Local Company Helping Housing to Go ‘Green’

With construction on an environmentally friendly, two-family dwelling underway at 67 Beech Glen St. now underway, the Fort Hill section of Roxbury is a rapidly growing enclave of green housing in the city.

Tend Developments of Charlestown is partnering with Placetailor, a Jamaica Plain-based, cooperative design and construction firm, to build the neighborhood’s newest high-performance “passive” house based on Passivehaus – a self-imposed German standard for energy efficiency in construction. To achieive this goal, well-positioned windows capture sunlight to heat the well-insulated, custom-fit homes while a heat-recovery ventilator is used to stream fresh winter air inside.

Declan Keefe, strategic director for Placetailor, said the home, which is being built on speculation, has yet to be listed on MLS (Multiple Listing Service), although it has already generated substantial interest among prospective buyers.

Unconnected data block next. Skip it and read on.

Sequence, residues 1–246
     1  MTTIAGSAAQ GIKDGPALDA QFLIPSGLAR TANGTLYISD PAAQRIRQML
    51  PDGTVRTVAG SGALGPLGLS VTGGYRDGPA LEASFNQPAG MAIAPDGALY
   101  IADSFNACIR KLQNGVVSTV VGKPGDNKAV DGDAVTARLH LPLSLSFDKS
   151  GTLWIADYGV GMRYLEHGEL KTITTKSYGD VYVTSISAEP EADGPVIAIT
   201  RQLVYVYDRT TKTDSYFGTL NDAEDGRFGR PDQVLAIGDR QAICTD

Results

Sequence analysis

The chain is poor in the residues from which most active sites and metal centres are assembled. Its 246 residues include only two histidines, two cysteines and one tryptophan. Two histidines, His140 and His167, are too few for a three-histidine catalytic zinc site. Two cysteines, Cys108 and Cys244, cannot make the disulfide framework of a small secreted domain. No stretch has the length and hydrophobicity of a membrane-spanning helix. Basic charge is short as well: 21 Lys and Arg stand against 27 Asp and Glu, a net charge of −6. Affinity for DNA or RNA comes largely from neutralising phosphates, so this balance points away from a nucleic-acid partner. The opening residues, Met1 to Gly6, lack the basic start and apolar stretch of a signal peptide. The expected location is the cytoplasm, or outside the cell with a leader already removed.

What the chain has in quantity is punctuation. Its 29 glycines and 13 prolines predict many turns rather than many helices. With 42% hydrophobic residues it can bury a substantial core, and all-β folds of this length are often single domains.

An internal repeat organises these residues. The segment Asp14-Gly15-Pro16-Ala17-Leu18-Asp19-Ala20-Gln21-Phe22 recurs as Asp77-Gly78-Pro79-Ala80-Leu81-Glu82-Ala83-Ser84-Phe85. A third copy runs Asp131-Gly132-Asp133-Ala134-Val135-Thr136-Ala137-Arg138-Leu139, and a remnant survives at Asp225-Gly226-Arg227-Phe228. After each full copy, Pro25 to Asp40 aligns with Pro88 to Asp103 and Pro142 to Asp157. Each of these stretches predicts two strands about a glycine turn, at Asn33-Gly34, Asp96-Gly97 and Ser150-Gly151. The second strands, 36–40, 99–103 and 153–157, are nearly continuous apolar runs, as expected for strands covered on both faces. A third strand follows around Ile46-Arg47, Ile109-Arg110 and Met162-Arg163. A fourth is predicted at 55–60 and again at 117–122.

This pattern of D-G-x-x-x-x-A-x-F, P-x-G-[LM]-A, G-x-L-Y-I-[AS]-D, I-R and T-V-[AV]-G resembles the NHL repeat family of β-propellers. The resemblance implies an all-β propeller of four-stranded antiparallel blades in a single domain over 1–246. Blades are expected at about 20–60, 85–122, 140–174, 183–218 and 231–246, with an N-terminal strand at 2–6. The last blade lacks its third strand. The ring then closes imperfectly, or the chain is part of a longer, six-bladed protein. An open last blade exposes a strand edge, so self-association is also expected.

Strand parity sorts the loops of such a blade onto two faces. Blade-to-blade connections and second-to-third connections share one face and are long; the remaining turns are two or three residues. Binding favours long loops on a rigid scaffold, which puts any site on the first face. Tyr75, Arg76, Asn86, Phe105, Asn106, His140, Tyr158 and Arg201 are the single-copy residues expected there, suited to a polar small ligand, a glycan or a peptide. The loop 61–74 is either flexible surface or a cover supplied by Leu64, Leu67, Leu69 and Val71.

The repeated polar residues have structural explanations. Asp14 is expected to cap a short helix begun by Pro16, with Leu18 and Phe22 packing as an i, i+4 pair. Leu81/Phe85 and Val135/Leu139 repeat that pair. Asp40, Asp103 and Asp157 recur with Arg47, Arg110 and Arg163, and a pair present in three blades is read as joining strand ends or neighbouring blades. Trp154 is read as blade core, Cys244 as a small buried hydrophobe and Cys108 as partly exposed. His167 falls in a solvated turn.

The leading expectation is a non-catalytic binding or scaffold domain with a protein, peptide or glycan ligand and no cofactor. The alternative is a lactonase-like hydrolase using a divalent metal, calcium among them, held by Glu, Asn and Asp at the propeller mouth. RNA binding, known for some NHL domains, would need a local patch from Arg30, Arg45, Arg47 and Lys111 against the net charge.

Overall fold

The first passive home in Fort Hill was erected at 67 Dudley St. in 2008, and Keefe said a dozen more are expected to break ground in the neighborhood within the next year.

Placetailor is also renovating and expanding Fort Hill’s community center to help bring it into compliance with the Passivehaus standard.

“This is a trend that’s already started, and it’s exploding right now,” Keefe said. “It’s evidence that the real-estate market is responding to a higher-quality product.”

Another indication of the trend’s growing popularity is larger multi-unit “passive” developments now in the pipeline: While one- to three-unit dwellings was previously built, Keefe said he is now seeing plans for five units and upwards.

Keefe also expects developers to look at Fort Hill as a model for building “passive” housing elsewhere in the city.

“This is a great representation of what can happen other places,” Keefe said. “ Anywhere where there’s land left, there’s interest in building quality housing stock to this standard.”

Meanwhile, Jim Labeck, president of Tend Developments, points to other city neighborhoods as fertile ground for more “passive” homes.

“I believe urban centers are the best opportunity for establishing some sort of model for sustainable, environmentally responsible development,” Labeck said. “We can take advantage of existing infrastructures, public transportation and walking distance economies.”

            For more information on “passive” homes, visit www.placetailor.com.

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